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Gold Price Slipping "as Physical Tightness Fading", Says Deutsche

Physical gold price in Shanghai at discount to London, GOFO rising...
GOLD PRICE gains of 7% in the first quarter are likely to be reversed, reckons a note from Deutsche Bank's commodities team, because physical "tightness" in the market is receding.
"We view it as only a matter of time before gold re-tests the [US Dollar] lows hit in December last year," says the commercial and bullion bank, a market-maker for wholesale gold and silver in London.
Pointing to gold's 3-year low of $1180 per ounce – hit both last June and New Year's Eve – prices have since "been supported" by revived Western investor interest, continued central-bank demand from emerging economies, and rising private demand in China, Deutsche says.
"However, with Shanghai physical premiums staying low and GOFO [forward] rates turning positive, support from physical tightness has begun to fade," the note concludes.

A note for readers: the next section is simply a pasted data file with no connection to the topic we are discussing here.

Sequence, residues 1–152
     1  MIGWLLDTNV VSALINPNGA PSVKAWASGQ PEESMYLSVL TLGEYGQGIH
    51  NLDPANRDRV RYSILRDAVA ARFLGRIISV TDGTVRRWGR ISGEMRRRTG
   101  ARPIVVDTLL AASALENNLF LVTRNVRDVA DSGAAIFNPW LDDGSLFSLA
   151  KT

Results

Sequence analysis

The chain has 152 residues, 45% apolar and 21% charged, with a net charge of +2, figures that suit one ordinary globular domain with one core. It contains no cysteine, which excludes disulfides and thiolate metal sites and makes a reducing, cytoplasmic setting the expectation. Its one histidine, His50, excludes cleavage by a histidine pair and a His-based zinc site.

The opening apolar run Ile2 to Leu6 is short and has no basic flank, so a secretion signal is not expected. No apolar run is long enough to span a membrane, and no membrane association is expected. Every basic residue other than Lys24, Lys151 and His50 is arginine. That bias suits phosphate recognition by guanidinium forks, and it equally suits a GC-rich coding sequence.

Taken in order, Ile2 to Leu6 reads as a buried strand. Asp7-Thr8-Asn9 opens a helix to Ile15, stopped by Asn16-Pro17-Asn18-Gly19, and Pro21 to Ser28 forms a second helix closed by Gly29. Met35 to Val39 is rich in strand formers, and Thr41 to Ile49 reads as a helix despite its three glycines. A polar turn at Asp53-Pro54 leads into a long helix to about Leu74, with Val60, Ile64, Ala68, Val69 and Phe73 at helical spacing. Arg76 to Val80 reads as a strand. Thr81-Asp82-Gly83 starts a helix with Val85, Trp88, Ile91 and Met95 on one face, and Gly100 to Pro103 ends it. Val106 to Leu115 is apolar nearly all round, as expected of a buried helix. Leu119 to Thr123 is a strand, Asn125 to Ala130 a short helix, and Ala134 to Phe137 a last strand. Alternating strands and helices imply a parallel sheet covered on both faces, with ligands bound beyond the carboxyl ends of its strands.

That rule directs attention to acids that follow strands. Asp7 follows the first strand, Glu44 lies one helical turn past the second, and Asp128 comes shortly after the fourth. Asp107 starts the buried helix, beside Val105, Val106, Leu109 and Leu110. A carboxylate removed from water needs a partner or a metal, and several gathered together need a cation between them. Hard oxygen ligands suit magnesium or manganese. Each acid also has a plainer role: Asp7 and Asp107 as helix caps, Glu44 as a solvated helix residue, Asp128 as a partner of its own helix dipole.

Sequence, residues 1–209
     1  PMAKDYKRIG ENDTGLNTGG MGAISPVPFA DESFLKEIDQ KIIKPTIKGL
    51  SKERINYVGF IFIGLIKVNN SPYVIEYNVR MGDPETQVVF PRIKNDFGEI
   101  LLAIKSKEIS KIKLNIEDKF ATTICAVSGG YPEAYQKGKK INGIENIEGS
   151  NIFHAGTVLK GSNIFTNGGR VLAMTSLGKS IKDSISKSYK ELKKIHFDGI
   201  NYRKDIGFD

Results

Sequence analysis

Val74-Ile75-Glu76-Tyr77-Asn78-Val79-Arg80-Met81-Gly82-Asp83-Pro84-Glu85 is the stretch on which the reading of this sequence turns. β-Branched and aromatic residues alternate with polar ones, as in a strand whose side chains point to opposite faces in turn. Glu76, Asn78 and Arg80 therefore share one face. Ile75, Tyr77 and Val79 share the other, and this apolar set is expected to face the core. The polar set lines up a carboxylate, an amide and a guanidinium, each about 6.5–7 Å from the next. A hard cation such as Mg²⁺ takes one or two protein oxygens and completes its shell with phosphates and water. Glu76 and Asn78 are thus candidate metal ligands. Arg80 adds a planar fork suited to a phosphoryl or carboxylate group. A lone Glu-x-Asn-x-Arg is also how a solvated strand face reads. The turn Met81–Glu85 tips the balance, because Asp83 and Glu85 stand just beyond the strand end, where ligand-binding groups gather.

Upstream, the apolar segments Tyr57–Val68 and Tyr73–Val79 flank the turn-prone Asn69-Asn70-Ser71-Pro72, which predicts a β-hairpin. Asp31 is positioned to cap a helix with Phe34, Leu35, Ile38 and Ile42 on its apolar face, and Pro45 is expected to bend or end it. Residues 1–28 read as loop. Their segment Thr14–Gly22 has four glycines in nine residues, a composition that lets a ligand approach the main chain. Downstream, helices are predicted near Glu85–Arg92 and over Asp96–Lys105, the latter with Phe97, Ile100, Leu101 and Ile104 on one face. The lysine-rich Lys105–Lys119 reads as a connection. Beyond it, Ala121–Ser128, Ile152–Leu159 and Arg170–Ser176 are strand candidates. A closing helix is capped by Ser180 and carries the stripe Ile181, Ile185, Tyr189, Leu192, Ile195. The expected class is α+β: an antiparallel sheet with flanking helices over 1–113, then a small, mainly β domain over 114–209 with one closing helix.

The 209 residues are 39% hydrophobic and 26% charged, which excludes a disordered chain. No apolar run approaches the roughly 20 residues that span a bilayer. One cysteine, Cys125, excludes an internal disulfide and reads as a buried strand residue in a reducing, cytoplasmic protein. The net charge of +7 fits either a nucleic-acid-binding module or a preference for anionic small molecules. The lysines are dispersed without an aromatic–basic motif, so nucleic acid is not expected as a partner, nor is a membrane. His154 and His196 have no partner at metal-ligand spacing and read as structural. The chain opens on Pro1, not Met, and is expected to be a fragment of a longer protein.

Spot prices for physical bullion on the Shanghai Gold Exchange today fell for the 10th day in 12 sessions, but cut their discount to international prices to $2 per ounce, the smallest discount in over a week.
Physical gold bullion in Shanghai typically trades at a premium to London settlement, rising $50 above that global benchmark during the slump in world prices of spring 2013.
Gold Offered Forward rates – which turned negative for 1- and 3-month gold loans as prices rose sharply early last month – are meantime holding near last week's 5-month highs above 0.1%.
GOFO is the interest rate offered to potential gold borrowers by bullion banks in London. It is offered in exchange for the gold's cash value, on which the bank can then earn a better rate of interest – whilst also avoiding storage costs – for the duration of the swap.
Countering Deutsche's 2014 bear view, however, analysts at fellow German bank Commerzbank said this week they see a turnaround in physical gold investment demand from larger Western funds.
Following 2013's near-900 tonne liquidation from record-high global ETF holdings of 2,500 tonnes, "We are confident that the ETF outflows [from trust-fund vehicles] will stop once and for all during the course of the year," says Commerzbank, "and will no longer weigh in any lasting fashion on the gold price."

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